The schedule has slipped as DOE has greatly expanded the potential amount of waste to be studied, said Christine Gelles, director of DOE's environmental management office of disposal operations, during a visit to Richland last week.

A draft environmental study on the waste now is expected in early 2009 with a final study finished in early 2010.

Then DOE is required to report to Congress before making a formal decision on what to do with the waste.

The waste, called Greater Than Class C waste, initially included an estimated 7,280 cubic yards of radioactive metal from decommissioning commercial nuclear power plants and waste from other industrial uses, such as sterilizing medical equipment, treating cancer and testing welds.

But since work began on an environmental study on the waste, an additional 39,000 cubic yards have been added to the study for potential disposal. Much of that would be produced under the Global Nuclear Energy Partnership, which is proposing building an Advanced Fuel Cycle Facility to develop ways to reuse nuclear power fuel.

That project, if it goes forward, would produce debris, such as clothing, contaminated with radionuclides classified as transuranic. DOE has typically sent such waste generated in nuclear weapons projects to deep geological repositories, such as the Waste Isolation Pilot Plant for transuranic waste in New Mexico.

It's considering 10 disposal options in the study, including deep geological repositories in New Mexico and Nevada.

Hanford may be more likely to be considered for waste that includes radioactive metals from decommissioned power plants. That waste also has increased since the report began from 3,380 cubic yards to about 9,600 cubic yards.

Although it's a relatively small amount of waste by volume compared to the low-level waste from past plutonium production to be disposed of in Hanford landfills, its radioactive content is significant. The original 3,380 cubic yards in the study has 110 million curies of radioactivity, which compares to 190 million curies in the 53 million gallons of waste awaiting treatment in Hanford's underground tanks.

Although the waste is considered low-level radioactive waste, the greater than class C designation indicates it's the most radioactive category of that waste.

The additional waste added to the study includes waste from new commercial reactors and from two West Valley, N.Y., nuclear burial sites that might be excavated. Most of the waste will be generated after 2035. Although the study originally included waste generated up to 2062, that may be extended.

The waste could be disposed of in a vault or in trenches with protective barriers and waste packaging. Also under consideration are deep bore holes topped with drilling deflectors to guard against people inadvertently disturbing the waste far into the future.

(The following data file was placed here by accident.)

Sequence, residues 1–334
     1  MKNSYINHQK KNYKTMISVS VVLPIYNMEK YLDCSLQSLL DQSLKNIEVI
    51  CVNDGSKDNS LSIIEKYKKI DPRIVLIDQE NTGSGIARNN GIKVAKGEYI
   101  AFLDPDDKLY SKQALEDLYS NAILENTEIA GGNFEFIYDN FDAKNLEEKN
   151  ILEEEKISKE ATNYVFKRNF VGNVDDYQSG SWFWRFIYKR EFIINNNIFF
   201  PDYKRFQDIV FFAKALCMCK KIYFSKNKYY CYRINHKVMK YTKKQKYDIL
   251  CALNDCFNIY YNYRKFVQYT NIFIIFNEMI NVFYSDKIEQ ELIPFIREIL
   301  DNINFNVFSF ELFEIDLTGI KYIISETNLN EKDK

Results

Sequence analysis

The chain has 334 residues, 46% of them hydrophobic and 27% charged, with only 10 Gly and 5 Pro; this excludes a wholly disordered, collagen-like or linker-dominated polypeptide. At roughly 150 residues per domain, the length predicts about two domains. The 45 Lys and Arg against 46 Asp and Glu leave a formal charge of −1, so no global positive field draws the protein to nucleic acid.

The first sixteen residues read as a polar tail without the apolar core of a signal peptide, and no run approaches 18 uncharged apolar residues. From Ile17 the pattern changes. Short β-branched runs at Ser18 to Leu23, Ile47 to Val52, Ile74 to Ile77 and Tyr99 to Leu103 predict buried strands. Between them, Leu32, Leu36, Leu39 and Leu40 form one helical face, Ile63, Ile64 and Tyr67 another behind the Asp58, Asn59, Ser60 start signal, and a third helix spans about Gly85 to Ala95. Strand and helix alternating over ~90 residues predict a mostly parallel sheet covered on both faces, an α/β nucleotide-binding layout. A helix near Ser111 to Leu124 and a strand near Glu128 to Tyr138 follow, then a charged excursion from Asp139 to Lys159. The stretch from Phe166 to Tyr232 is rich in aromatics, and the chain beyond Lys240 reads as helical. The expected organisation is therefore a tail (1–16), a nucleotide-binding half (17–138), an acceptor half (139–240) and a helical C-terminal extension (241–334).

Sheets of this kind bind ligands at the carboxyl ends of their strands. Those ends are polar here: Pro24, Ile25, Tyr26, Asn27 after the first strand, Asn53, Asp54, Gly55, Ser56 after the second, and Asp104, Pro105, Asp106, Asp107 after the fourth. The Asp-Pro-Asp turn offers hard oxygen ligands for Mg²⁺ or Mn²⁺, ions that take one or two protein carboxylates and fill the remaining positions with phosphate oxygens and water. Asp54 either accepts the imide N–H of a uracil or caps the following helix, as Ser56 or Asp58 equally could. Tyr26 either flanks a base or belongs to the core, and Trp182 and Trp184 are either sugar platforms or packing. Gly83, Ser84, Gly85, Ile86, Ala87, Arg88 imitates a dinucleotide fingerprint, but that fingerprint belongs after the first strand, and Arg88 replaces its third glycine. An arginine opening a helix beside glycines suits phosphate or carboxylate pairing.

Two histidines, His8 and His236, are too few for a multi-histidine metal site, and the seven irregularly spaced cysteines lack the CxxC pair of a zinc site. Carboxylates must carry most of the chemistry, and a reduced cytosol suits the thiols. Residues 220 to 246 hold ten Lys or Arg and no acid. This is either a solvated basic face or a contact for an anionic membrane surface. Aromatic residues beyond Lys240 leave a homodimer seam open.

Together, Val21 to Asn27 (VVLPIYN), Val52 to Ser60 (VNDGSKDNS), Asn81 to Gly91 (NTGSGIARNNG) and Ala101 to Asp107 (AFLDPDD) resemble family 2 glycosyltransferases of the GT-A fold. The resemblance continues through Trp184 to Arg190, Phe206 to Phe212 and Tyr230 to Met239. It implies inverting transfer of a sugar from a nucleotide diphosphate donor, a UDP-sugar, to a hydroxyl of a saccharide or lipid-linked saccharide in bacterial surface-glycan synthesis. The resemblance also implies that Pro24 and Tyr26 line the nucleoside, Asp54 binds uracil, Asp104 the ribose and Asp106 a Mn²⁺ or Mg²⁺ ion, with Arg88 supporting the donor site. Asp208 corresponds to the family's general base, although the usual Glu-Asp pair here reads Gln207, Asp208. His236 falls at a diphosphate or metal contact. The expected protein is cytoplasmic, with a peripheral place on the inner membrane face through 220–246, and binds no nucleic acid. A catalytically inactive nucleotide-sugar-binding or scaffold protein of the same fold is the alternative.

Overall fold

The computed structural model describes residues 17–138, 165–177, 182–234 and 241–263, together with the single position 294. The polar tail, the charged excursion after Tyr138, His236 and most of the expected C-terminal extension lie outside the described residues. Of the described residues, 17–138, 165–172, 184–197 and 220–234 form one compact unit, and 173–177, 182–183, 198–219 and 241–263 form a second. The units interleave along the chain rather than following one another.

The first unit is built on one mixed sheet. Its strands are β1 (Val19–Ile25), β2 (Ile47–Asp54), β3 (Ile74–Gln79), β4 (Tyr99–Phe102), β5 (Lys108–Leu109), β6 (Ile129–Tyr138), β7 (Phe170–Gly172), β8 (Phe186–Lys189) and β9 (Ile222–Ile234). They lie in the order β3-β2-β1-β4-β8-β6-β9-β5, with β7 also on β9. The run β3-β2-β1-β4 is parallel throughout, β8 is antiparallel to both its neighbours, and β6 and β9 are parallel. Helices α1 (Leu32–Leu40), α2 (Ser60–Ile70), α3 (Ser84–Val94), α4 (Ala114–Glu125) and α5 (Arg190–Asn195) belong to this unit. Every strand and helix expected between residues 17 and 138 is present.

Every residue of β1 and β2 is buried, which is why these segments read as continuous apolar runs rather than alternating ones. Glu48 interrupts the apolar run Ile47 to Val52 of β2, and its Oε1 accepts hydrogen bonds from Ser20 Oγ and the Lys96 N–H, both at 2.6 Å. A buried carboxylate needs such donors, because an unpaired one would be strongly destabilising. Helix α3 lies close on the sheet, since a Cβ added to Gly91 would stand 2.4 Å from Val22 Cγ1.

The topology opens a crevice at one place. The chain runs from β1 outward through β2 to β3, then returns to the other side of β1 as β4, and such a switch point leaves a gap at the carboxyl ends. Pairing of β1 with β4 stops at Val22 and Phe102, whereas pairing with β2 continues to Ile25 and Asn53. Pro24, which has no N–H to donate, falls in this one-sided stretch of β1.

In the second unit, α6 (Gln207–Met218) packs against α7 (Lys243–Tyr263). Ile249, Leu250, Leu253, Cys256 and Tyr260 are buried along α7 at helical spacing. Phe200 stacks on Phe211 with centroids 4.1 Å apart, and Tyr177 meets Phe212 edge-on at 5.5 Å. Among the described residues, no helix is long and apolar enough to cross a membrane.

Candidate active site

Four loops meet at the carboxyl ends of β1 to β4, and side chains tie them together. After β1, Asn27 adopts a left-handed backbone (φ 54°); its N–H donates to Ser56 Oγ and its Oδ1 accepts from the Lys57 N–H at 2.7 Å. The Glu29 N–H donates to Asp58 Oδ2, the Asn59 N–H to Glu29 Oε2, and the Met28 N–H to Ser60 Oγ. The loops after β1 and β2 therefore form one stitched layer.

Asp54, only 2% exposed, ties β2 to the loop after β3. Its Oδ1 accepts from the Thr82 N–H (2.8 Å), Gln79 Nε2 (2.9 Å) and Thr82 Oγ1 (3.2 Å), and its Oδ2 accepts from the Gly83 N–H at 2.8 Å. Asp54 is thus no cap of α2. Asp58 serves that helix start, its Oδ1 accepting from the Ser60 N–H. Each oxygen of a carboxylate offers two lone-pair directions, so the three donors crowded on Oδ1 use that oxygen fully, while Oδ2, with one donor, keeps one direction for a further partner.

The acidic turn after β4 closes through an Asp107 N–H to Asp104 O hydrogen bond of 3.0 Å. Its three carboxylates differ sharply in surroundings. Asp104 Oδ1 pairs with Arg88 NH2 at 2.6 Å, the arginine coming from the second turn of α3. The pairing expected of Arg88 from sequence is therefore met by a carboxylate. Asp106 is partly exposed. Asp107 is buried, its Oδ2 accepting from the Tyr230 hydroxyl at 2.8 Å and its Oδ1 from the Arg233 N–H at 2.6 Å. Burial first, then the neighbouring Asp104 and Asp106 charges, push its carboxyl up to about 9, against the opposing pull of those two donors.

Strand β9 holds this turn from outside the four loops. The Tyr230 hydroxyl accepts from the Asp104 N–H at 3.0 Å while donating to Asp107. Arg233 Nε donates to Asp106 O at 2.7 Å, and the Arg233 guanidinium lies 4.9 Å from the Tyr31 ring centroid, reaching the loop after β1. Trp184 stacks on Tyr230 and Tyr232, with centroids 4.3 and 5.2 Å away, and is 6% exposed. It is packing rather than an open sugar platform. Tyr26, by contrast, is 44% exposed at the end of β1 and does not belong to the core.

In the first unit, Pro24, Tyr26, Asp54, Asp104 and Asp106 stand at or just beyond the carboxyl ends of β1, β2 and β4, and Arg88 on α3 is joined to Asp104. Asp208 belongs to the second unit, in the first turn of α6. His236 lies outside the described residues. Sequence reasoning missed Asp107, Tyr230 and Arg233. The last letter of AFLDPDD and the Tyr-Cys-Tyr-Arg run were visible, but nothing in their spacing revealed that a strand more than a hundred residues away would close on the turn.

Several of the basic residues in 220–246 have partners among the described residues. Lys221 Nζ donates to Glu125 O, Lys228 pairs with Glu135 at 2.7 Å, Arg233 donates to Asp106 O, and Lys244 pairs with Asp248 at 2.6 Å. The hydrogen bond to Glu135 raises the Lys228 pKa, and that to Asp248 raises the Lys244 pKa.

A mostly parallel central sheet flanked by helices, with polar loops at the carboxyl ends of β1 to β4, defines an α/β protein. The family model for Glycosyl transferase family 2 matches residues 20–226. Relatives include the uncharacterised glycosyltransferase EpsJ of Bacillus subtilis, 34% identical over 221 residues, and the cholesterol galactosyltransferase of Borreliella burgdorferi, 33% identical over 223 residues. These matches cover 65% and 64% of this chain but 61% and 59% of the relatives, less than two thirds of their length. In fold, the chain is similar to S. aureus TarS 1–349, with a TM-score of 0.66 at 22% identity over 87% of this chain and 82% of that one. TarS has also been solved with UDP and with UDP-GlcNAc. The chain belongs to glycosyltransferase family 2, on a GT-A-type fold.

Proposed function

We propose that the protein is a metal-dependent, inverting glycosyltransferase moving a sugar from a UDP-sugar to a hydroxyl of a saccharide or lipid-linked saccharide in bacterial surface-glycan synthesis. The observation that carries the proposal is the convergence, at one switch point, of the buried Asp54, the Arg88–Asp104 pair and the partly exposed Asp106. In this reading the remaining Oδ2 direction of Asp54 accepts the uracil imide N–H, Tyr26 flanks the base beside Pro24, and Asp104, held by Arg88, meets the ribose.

In addition to Hanford, DOE also is considering commercial disposal in unspecified locations and one or more sites in New Mexico, Nevada, Idaho, South Carolina and Tennessee.


SC Senate Gives Key Approval To Energy-Saving Incentives
COLUMBIA, S.C. (The Associated Press) - Apr 29

South Carolina residents would get tax breaks when they buy energy-efficient appliances and manufactured homes under legislation heading to the House.

The Senate gave final approval to three energy-saving related bills Tuesday.

One proposal eliminates sales taxes on energy-efficient appliances, light bulbs, doors and other items in October beginning in 2009. That month is when groups encourage energy conservation.

The legislation also more than doubles a tax rebate to people buying manufactured houses that meet federal Energy Star requirements.

The proposal requires replacing incandescent lighting with compact fluorescent lights by July 2011 in government buildings and makes agencies set a goal for cutting energy demands by 20 percent by 2020.


Geothermal Utopia Gaining Steam in Utah
Apr 29 - McClatchy-Tribune Regional News - Mark Havnes The Salt Lake Tribune

Gary L. Benson envisions a steam-powered utopia.

Benson is a consultant for the development group NovaTech, which aims to build a self-sufficient community in Provo's Ironton, a former industrial area, by tapping steam to provide electricity and heat for homes and businesses. There are even plans for erecting greenhouses to grow food.

He attended a two-day workshop on geothermal energy last week at Southern Utah University in Cedar City. The workshop brought together experts on the potential use of subterranean steam as a renewable-energy source.

"I am on a learning curve so I can know enough about geothermal to make reliable projections concerning the use of steam," Benson said. "There have been a lot of utopian communities before, both religious and secular, but none completely economically independent like we plan."

Those at the workshop learned where steam resources are, how they can be captured for various uses -- from power generation to heating -- and the importance of snagging state-sponsored incentives to encourage development.

Utah's western desert has vast potential, but the steam is expensive to locate and develop.

The SUU event featured a visit to a steam-powered nursery in Iron County, an exploratory drilling operation in Beaver County and PacifiCorp's Blundell plant, north of Milford.

Started in the 1970s, the Blundell facility draws steam from the Roosevelt thermal reservoir to produce about 35 megawatts of electricity a year.